FCGH: Addressing Frequently Raised Issues

FCGH IssuesThe Framework Convention on Global Health: Addressing Frequently Raised Issues

May 2016
Issues in this article:
1 The FCGH can build on existing treaties that codify the right to health to better implement rights-based approaches to health;
2 The value of the FCGH as a binding legal instrument;
3 The FCGH could complement other tools to address systematic governance issues;
4 The feasibility of the FCGH;
5 The need for an ambitious treaty;
6 Connections between the FCGH and other international law;
7 The FCGH would add to the current response to global health priorities;
8 The FCGH would build on and relate to existing accountability mechanisms, particularly human rights and SDG accountability mechanisms, and would include measures to help achieve impact at country level;
9 Possible FCGH mechanisms and institutional set-up;
10 Models of treaties that the FCGH could draw from.

The FCGH can build on existing treaties that codify the right to health to better implement rights-based approaches to health.

The FCGH intends to complement and reinforce strategies and tools to implement the right to health, not replace them. The FCGH could open new possibilities to advancing the right to health and speeding its implementation, and by so doing, closing unconscionable gaps in national and global health equity by:

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WHO DG’s highest priority: a Global Treaty on the Right to Health

PriorityThe next WHO Director-General’s highest priority: a Global Treaty on the Human Right to Health

(From The Lancet, 13.10.2016)   The next WHO Director-General faces major challenges:1 operational responsibilities for epidemic response, universal health coverage (UHC), and the rise of non- communicable diseases. Given the vast gap between daunting health challenges and WHO funding, what should be the Director-General’s foremost priority? The answer lies in the organisation’s main constitutional pillar, the right of everyone to the highest attainable standard of health. WHO’s next leader should bring human rights to the forefront, ensuring the universal right to health.

A Framework Convention on Global Health (FCGH)2— supported by civil society and global leaders3—should become the centrepiece of this endeavour (panel). It would reform global governance for health to enhance accountability, transparency, and civil society participation and protect the right to health in trade, investment, climate change, and other international regimes, while catalysing governments to institutionalise the right to health at community through to national levels. It would usher in a new era of global health with justice—vast improvements in health outcomes, equitably distributed.4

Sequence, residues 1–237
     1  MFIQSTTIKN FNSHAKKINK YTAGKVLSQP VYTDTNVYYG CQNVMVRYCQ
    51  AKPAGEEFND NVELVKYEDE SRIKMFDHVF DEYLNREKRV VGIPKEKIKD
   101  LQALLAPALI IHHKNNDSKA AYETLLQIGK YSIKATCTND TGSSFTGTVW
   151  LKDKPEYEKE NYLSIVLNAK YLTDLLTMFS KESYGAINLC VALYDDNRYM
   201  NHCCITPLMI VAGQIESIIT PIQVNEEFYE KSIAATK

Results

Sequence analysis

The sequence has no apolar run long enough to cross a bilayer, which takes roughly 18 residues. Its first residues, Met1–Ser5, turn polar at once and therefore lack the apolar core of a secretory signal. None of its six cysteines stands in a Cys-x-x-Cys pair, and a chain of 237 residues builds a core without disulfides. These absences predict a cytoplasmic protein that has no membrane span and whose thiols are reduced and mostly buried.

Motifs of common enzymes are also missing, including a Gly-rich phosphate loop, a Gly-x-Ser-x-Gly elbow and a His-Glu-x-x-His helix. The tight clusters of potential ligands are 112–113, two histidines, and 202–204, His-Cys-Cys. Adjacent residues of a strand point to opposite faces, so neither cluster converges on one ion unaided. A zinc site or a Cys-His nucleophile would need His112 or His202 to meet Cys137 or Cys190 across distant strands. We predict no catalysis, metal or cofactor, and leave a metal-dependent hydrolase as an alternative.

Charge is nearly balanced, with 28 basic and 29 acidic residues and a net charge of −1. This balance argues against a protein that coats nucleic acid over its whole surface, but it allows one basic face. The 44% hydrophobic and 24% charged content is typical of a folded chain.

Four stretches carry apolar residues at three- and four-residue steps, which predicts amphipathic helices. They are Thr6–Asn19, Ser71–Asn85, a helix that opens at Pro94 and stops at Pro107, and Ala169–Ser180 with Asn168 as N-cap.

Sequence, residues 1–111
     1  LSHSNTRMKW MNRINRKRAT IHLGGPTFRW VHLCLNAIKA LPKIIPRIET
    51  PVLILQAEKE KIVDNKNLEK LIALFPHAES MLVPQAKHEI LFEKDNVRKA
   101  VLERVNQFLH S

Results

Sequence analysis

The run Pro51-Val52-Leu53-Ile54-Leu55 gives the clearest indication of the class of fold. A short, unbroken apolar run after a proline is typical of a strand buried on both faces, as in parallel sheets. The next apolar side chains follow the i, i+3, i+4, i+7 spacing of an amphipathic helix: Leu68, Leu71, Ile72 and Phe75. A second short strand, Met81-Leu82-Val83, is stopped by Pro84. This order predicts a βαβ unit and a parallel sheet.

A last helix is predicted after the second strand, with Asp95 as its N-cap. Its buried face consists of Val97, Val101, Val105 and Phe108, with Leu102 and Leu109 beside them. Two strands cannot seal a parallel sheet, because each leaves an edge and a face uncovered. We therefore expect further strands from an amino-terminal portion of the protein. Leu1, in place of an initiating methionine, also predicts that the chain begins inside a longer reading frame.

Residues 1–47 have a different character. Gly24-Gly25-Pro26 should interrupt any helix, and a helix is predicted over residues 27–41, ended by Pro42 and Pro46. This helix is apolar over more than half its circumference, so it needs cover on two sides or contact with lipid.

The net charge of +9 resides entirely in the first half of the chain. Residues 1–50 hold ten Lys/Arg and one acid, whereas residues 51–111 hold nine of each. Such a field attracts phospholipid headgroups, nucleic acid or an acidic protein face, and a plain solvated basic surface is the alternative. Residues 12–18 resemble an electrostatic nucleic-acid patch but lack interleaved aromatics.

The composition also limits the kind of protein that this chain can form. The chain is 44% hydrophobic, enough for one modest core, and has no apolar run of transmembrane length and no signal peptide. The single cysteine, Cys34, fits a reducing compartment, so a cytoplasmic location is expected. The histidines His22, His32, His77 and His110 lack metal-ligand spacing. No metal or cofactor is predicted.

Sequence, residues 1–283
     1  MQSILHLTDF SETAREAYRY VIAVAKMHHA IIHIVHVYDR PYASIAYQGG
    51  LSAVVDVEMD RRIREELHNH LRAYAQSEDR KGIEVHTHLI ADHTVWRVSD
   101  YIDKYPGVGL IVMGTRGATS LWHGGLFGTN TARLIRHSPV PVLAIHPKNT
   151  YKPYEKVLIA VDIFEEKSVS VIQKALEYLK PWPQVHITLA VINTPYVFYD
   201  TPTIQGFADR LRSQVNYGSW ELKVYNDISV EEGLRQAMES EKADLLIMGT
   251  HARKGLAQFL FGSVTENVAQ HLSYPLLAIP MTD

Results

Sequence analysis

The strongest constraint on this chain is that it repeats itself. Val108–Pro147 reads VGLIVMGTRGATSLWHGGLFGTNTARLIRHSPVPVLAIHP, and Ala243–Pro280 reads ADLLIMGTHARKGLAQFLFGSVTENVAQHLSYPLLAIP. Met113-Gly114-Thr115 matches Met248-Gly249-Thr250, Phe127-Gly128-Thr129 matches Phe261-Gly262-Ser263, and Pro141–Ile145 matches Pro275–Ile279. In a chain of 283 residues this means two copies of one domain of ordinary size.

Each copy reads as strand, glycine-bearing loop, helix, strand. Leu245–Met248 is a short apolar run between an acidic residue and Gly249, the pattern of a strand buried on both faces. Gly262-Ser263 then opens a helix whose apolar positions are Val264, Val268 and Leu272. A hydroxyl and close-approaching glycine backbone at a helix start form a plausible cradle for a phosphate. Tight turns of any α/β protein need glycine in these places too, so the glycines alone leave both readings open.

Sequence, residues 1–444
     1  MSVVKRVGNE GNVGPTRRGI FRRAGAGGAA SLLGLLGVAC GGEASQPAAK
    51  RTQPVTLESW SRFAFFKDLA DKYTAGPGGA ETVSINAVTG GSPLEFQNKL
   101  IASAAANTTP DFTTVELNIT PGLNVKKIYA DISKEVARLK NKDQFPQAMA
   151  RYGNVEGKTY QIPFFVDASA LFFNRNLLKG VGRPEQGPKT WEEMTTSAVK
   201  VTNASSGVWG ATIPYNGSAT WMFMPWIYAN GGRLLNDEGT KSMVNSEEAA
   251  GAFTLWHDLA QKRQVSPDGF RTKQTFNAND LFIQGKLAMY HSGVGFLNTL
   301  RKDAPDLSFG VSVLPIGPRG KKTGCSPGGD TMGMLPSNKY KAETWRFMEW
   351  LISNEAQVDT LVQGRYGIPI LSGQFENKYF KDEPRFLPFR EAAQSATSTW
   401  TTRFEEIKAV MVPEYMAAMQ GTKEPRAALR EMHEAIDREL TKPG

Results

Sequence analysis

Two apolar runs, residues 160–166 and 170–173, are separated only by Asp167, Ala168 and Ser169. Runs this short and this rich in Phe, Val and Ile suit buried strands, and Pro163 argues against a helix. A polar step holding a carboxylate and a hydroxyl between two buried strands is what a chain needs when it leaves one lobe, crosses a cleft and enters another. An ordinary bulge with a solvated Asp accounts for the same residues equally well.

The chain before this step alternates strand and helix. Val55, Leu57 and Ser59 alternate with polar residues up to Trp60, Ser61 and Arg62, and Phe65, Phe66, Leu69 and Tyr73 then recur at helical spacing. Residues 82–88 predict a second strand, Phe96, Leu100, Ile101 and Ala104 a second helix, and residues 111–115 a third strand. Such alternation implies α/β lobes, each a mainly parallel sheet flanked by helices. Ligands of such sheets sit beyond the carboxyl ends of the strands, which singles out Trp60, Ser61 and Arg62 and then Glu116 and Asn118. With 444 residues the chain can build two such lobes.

National and global systems today suffer from pervasive structural deficiencies, making them incapable of achieving global health with justice. These structures enable inequities to persist, fail to ensure accountability, and permit health and non-health sectors to undermine the right to health.

Vast disparities in wealth and political power leave countries and marginalised populations with far worse health outcomes than in wealthier states and among well-off populations. Income inequality and global threats (eg, climate change, mass migrations) risk worsening disparities. Legal frameworks and social practices perpetuate marginalisation of women, immigrants, indigenous people, and ethnic and sexual minorities. Yet the Sustainable Development Goals (SDGs) do not adequately prioritise marginalised populations. WHO’s new Framework of Engagement with Non-State Actors5 fails to empower civil society to effectively participate in the organisation’s governance.

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Towards a FCGH: A Transformative Agenda for Global Health Justice

FCGHTowards a Framework Convention on Global Health: A Transformative Agenda for Global Health Justice *

Lawrence O. Gostin** & Eric A. Friedman***

ABSTRACT:
Global health inequities cause nearly 20 million deaths annually, mostly among the world’s poor. Yet international law currently does little to reduce the massive inequalities that underlie these deaths. This Article offers the first systematic account of the goals and justifications, normative foundations, and potential construction of a proposed new global health treaty, a Framework Convention on Global Health (FCGH), grounded in the human right to health. Already endorsed by the United Nations Secretary-General, the FCGH would reimagine global governance for health, offering a new, post-Millennium Development Goals vision. A global coalition of civil society and academics has formed the Joint Action and Learning Initiative on National and Global Responsibilities for Health (JALI) to advance the FCGH.

* Professor Lawrence 0. Gostin and Mr. Eric A. Friedman are members of the Steering Committee of the Joint Action and Learning Initiative on National and Global Responsibilities for Health (JALI). JALI is an international campaign, comprised of civil society and academic leaders, from the global South and North, dedicated to establishing a Framework Convention on Global Health. This framework convention would serve as a historic, innovative treaty on global health equity. This Article offers the first detailed account of the treaty’s mission, norms, and processes, together with a systematic justification for a radically new form of global governance for health.

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